Definition of atom types

Based on the study reported by Hou et al. [45], all atoms in the 20 standard amino acids were classified into 21 atom types shown in Table 1. The atoms that have similar chemical environment are defined as the same atom type.
Table 1

The definitions of the 21 atom types of proteins used in the SASA-based solvation model

(1) α represents C that is connected with only one O atom; (2) β represents C with sp3 hybridization; (3) X is O or S atom; (4) Y is N or C atom; (5) R is H or C atom; (6) Atoms at E1, E2 and E3 are N, O or S

Parameterization of the SASA-based solvation model

For each protein in the GB dataset, the SASAs were calculated by the NSC function that is an implementation of the DCLM (Double Cubic Lattice Method) variant of the Shrake’s and Rupley’s algorithm for surface calculation [46]. The van der Waals radii for H, C, N, O and S are listed in Additional file 1: Table S2 [47], and the radius of the solvent probe was defined to 0.6 Å, which performed best to develop the solvation model based on SASAs [48]. Consequently, the SASAs for the 21 different atom types could be calculated, and the SASA-based solvation model given by Equation function (1) was developed.
$$psol_{SASA} = w_{0} N_{res} + \sum\limits_{i = 1}^{21} {w_{i} SASA_{i} + {\text{constant}}} \quad i = \text{ }1,\text{ }2,\text{ }3 \ldots 21$$
(1)
where psol SASA represents the polar component of solvation free energy; i is the IDs (Table 1) of the atom types for a given protein; w i is the weight for atom type i; SASA i is the sum of SASAs for atom type i in the given protein; N res represents the total number of the residues in a given protein, and w 0 is the weight of N res ; constant is the constant term in this formula. The whole GB dataset was randomly split into a training set (~ 800 protiens) with 50% of the proteins and a test set with the remaining proteins. Least-square fitting was applied to optimize the weights of different atom types and N res based on the training set, and then the reliability of the developed solvation model was evaluated by the consistency between the predictions given by the GB model and those given by the SASA-based model to the test set.

Development of the HawkRank scoring function

The HawkRank scoring function is a linear weighted sum of the van der Waals attractive and repulsive potentials, the electrostatic attractive and repulsive potentials, and the desolvation potentials. The core formula of HawkRank is shown in Equation function (2), where ΔE is the value of potentials and w is the weight of corresponding potentials:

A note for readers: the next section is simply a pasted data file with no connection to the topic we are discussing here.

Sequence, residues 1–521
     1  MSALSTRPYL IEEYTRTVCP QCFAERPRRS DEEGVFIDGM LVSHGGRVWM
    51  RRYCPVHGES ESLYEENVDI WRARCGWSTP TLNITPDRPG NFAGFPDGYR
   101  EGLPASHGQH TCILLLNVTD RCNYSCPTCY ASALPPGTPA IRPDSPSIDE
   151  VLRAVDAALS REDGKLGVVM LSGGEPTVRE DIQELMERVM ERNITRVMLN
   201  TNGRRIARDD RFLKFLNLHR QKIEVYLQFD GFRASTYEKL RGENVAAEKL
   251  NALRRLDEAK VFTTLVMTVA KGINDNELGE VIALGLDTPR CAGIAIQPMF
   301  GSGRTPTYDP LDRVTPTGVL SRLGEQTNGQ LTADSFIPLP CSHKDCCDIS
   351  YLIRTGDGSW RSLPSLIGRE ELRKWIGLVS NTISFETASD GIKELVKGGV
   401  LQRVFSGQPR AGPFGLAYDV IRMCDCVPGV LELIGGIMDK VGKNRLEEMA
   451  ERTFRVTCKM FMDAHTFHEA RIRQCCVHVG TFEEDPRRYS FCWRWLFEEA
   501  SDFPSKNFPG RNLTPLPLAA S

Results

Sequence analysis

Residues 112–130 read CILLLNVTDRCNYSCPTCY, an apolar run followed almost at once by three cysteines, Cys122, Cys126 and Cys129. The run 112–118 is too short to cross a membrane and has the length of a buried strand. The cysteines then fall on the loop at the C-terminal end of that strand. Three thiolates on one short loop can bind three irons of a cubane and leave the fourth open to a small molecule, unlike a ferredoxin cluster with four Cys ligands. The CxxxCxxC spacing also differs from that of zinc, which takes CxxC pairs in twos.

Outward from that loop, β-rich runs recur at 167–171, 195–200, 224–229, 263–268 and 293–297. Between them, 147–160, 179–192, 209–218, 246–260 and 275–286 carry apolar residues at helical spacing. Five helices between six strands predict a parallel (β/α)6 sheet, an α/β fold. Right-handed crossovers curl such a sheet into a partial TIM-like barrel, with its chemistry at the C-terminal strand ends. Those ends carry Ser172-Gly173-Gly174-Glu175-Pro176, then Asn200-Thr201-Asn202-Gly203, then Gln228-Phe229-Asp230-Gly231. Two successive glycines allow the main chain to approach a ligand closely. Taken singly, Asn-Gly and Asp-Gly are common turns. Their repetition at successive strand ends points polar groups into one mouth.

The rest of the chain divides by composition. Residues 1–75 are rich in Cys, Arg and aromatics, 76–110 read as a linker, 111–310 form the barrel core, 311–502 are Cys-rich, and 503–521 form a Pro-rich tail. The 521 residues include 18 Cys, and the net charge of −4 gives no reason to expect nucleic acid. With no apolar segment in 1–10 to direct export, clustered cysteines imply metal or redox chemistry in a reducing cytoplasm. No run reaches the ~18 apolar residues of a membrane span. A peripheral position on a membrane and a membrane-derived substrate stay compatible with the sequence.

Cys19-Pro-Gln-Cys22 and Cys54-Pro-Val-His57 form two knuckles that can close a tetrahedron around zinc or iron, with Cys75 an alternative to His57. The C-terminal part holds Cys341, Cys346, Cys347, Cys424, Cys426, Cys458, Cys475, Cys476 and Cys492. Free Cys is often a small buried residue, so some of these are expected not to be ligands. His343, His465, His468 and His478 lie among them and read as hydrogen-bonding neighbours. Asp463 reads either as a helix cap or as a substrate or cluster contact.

$$\begin{aligned} {\text{HawkRank Score}} & = w_{{vdW_{attr} }}\Delta E_{{vdW_{attr} }} + w_{{vdW_{repu} }}\Delta E_{{vdW_{repu} }} \\ & \quad + w_{{elec_{attr} }}\Delta E_{{elec_{attr} }} + w_{{elec_{repu} }}\Delta E_{{elec_{repu} }} \\ & \quad + w_{pdsol}\Delta E_{pdsol} \\ \end{aligned}$$
(2)

The details about the energy terms used in the scoring function are described below. The workflow of the development of HawkRank is shown in Fig. 1b.

Calculation of the van der Waals potentials

The definition of the van der Waals potentials (Equation function 3) is the same to that used in Kortemme’s study [49]. The formula was modified from the classical 6-12 Lennard-Jones potential. As shown in Equation function (3), the van der Waals potentials are split into the attractive and repulsive parts. The repulsive part was calculated by the linear formula to reduce the potential local clashes caused by the discrete rotamers of side chains and fixed backbones [49], and the attractive part was defined as the traditional formula of the classical 6–12 Lennard-Jones potential. To improve computational efficiency, only the van der Waals interactions between two atoms with distance less than 12 Å were calculated.
$$\begin{aligned} &E_{attr} = \varepsilon_{ij} \left\{ {\left( {\frac{{\sigma_{ij} }}{{r_{ij} }}} \right)^{12} - 2\left( {\frac{{\sigma_{ij} }}{{r_{ij} }}} \right)^{6} } \right\}\quad \text{for}\,0.89\sigma_{ij} < r_{ij} < 12\;{\text{\AA}} \hfill \\ & E_{repu} = 10.0\left( {1 - \frac{{r_{ij} }}{{0.89\sigma_{ij} }}} \right)\quad \text{for}\,0.89\sigma_{ij} > r_{ij} \hfill \\ \end{aligned}$$
(3)
where i and j are atoms i and j, r ij is the interatomic distance between them, σ ij is the sum of atomic radii, and ε ij is the well depth derived from the Amber ff14SB force field [50].

Calculation of the electrostatic potentials

For the electrostatic potentials, the standard Coulomb equationis used (Equation function 4):
$$E_{elec} = 332\frac{{q_{i} q_{j} }}{{\varepsilon r_{ij} }}$$
(4)
where i and j are atoms i and j, r ij is the interatomic distance between them, q i and q j are the atomic partial charges afforded by the Amber ff14SB force field [50]. The dielectric constant ε was set to 1. The electrostatic potentials are also split into an attractive and a repulsive parts. If the E ele between two atoms is less than zero, it will be added into the electrostatic attractive potentials, and otherwise added into the electrostatic repulsive potentials.

Calculation of desolvation potentials